FCEL didn’t disclose the exact value of the California deal, but it says it will get paid for supplying the 2.8 MW for 20 years. However, 2.8 MW is a relatively small amount of power, enough to supply about 1,100 to 2,250 homes for a year. So the agreement will probably be worth $3 million or $4 million per year at most. The larger 14.8 MW project will probably bring in $15 million to $20 million per year.

And I wouldn’t get too excited about the Exxon agreement. For many years, XOM has invested in a variety of biofuels, and little or nothing seems to come from its efforts in that area. Meanwhile, the idea of developing carbon capturing technology has been around for at least a decade, and little or nothing has come of those efforts.

Not surprisingly, FCEL generated only $11 million of revenue in the fourth quarter. PLUG’s Q3 revenue of $56 million was well over double FCEL’s Q4 top line. PLUG lost only 9 cents per share in Q3, while FuelCell reported a 23 cents per share Q4 loss.

Solar and Storage Offer Better Alternatives

The main rationale for FuelCell’s products seems to be their ability to provide clean energy that doesn’t depend on the electric grid to function.

But the increasingly popular combination of solar panels and conventional batteries provides the same benefits. Many businesses are already adopting that technology, since conventional batteries have become much cheaper in recent years. I think it’s safe to assume that FCEL’s offerings — which rely on much more expensive fuel cell technology and require around the same space as a tennis court — are much more expensive. (The batteries used for solar and storage solutions appear to be much smaller than a tennis court.)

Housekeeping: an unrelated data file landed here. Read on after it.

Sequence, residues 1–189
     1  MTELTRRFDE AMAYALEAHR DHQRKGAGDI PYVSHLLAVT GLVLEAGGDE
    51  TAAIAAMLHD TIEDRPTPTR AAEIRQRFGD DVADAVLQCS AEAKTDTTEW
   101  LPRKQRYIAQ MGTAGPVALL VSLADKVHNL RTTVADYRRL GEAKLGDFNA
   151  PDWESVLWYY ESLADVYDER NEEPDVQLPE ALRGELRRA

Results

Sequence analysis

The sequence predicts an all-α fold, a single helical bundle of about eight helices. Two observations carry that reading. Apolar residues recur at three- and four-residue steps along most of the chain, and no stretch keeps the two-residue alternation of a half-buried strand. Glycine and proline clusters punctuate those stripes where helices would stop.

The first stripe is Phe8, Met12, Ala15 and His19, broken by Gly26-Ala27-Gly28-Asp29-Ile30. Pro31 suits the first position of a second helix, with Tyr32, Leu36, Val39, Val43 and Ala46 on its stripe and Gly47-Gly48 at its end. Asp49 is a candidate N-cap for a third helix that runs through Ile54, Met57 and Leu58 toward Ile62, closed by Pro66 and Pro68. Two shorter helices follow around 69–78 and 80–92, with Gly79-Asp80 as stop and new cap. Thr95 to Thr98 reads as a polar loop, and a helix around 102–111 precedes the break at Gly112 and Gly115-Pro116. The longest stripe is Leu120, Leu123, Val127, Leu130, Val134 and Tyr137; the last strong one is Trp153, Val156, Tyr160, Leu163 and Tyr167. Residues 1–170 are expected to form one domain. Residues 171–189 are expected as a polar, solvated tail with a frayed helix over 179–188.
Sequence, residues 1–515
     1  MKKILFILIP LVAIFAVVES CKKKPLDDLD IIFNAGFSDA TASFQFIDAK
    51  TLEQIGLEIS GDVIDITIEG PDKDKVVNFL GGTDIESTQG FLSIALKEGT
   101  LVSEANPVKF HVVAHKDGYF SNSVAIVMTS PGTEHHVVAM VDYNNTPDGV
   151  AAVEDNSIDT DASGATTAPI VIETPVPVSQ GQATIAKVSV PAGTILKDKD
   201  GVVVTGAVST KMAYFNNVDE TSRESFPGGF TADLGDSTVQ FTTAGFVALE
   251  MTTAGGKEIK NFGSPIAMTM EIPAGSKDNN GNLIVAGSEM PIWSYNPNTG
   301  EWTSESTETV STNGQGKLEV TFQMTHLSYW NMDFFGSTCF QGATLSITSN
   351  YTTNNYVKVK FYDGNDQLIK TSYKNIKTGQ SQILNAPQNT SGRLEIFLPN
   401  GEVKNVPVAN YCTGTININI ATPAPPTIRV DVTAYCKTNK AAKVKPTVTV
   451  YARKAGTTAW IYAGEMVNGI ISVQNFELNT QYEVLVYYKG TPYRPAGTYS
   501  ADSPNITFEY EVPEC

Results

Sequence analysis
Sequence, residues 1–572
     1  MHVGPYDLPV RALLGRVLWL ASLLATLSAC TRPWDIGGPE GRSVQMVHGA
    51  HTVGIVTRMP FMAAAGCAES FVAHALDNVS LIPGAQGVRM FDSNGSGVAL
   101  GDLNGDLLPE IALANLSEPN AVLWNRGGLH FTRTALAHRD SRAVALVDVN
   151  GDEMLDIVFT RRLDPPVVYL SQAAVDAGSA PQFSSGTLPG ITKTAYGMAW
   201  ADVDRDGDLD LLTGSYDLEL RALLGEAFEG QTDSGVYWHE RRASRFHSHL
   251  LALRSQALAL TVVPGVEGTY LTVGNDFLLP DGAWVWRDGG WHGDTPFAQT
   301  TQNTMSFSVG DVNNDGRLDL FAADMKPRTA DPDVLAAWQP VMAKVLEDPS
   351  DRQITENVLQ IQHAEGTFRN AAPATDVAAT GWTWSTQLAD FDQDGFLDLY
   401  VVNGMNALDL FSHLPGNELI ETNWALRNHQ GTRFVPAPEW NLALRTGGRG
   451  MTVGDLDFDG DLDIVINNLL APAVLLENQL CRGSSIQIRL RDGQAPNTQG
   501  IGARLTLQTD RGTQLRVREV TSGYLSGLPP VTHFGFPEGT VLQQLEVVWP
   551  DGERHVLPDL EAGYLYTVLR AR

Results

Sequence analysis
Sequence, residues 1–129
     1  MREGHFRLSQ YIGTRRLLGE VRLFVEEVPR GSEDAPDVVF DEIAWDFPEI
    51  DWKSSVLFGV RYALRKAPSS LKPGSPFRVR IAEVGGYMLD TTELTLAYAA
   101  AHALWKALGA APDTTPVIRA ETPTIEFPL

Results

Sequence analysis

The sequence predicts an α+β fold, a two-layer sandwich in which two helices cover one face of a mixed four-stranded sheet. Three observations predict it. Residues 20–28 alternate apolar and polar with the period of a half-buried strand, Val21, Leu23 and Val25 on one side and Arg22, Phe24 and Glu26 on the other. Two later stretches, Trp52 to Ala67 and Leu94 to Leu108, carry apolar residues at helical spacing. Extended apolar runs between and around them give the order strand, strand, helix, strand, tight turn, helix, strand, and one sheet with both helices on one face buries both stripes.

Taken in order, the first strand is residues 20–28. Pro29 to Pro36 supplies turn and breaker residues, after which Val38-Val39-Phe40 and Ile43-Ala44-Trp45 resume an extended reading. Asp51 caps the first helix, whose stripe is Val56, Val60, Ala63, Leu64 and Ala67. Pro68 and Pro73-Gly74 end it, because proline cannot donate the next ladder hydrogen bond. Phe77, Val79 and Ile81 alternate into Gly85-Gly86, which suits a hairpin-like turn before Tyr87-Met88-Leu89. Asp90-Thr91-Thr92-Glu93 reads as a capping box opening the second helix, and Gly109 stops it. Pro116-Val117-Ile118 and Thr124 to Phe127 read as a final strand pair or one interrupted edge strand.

It’s likely that almost all businesses will choose solar and storage over FuelCell’s offerings, a situation will probably hurt FCEL stock over the longer term.

Bottom Line on FCEL Stock

FuelCell’s products do not appear to save businesses money, and solar and storage solutions likely offer the same benefits at a cheaper price as FCEL’s offerings. Solar panel makers and PLUG have much bigger customer bases than FCEL. Moreover, their products are much more widely accepted and appear to be more beneficial than those of FuelCell.

Recently, FCEL stock has surged tremendously, jumping more than six-folded in the last three months. Nonetheless, I think that the shares will come back down to Earth when investors realize that the stock is quite risky. That process may have already started this week, after the company’s Q4 results came in below expectations, triggering huge declines in FuelCell’s shares.

FCEL, in partnership with another company or on its own, could unveil new, transformative technologies that would propel FCEL much higher. Additionally, the company indicated in a Q4 earnings press release that it would look to enter new sectors, including transportation. Still, given the company’s current weaknesses, I’d stay away from the shares for now. Instead, I think that investors interested in capitalizing on the renewable energy and electrification revolutions should buy PLUG stock and/or leading solar energy names.

As of this writing, the author owned PLUG stock and solar energy stocks JinkoSolar (NASDAQ:JKS), Daqo New Energy (NYSE:DQ), and SunPower (NASDAQ:SPWR).


Article printed from InvestorPlace Media, https://investorplace.com/2020/01/why-investors-should-stay-away-from-fcel-stock-for-now/.